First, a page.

Second, the manufactured fall of Rome reveals the unstable boundaries between historical epochs. For 1,500 years, Odoacer’s coup has concluded a cautionary tale about how barbarian commanders in the Roman army ended Rome’s empire. People around the world have scrutinized this story so that their societies may avoid suffering Rome’s fate. But, if we recognize that Rome did not fall in 476, the lessons we take from Roman history become quite different. Rome’s story then does not warn us of the danger of barbarous outsiders toppling a society from within. It instead shows how a false claim that a nation has perished can help cause the very problems its author invented. We ignore this danger at our peril.

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Источник: https://time.com/6101964/fabricated-fall-rome-lessons-history/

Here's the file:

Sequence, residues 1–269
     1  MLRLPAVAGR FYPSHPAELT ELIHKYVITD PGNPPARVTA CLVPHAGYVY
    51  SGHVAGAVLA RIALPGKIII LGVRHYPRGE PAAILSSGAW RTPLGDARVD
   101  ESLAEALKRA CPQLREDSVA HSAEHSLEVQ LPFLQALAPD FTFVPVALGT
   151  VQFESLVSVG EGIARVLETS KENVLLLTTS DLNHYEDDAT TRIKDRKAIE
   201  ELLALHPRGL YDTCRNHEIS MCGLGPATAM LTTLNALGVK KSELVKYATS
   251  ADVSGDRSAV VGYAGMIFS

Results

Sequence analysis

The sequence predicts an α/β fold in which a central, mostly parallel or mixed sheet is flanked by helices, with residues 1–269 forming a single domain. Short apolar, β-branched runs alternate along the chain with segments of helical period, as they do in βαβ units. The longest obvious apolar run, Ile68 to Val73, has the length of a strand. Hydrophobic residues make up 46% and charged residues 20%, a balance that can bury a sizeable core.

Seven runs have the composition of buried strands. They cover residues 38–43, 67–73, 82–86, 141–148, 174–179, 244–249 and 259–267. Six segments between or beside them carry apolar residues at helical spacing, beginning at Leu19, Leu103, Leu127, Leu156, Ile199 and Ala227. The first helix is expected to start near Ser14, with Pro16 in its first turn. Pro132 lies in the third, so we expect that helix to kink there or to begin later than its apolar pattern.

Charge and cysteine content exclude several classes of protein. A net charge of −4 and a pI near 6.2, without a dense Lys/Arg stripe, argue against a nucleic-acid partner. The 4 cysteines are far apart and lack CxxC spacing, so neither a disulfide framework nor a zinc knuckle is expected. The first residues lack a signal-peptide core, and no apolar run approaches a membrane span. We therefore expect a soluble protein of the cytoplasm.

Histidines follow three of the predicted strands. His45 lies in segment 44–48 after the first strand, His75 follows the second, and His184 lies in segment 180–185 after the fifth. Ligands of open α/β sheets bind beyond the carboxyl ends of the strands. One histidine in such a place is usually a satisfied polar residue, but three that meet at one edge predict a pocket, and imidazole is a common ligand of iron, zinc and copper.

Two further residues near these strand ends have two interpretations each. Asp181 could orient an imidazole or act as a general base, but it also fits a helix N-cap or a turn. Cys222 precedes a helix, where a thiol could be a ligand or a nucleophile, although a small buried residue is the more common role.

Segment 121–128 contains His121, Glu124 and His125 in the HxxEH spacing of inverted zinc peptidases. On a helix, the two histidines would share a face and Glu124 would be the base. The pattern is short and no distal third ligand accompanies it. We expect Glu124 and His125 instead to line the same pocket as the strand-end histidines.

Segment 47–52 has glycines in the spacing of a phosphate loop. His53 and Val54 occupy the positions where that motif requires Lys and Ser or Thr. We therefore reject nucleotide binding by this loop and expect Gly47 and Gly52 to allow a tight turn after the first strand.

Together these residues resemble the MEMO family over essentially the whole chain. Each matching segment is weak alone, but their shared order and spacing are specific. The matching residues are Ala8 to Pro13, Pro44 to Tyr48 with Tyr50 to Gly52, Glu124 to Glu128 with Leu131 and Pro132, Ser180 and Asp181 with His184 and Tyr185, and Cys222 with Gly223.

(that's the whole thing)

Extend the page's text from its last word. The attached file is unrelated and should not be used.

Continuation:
Byzantine Empire

Roman Homes for sale in strafford nh during Late Antiquity and the Middle Ages

"Byzantine" redirects here. For other uses, see Byzantine (disambiguation).

Byzantine Empire

Βασιλεία Ῥωμαίων, Basileía Rhōmaíōn
Imperium Romanum

The empire in 555 under Justinian the Great, at its greatest extent since the fall of the Western Roman Empire (its vassals in pink)

The empire in 555 under Justinian the Great, at its greatest extent since the fall of the Western Roman Empire (its vassals in pink)

The change of territory of the Byzantine Empire (476–1400)

The change of territory of the Byzantine Empire (476–1400)

Capital

and largest city

Constantinopled
(395–1204, 1261–1453)
Common languages
Religion
Notable emperors 

• 306–337

Constantine I

• 395–408

Arcadius

• 402–450

Theodosius II

• 527–565

Justinian I

• 610–641

Heraclius

• 717–741

Leo III

• 797–802

Irene

• 867–886

Basil I

• 976–1025

Basil II

• 1042–1055

Constantine IX

• 1081–1118

Alexios I

• 1259–1282

Michael VIII

• 1449–1453

Constantine XI
Historical eraLate Antiquity to Late Middle Ages

• First division of the Roman Empire (diarchy)

1 April 286

• Founding of Constantinople

11 May 330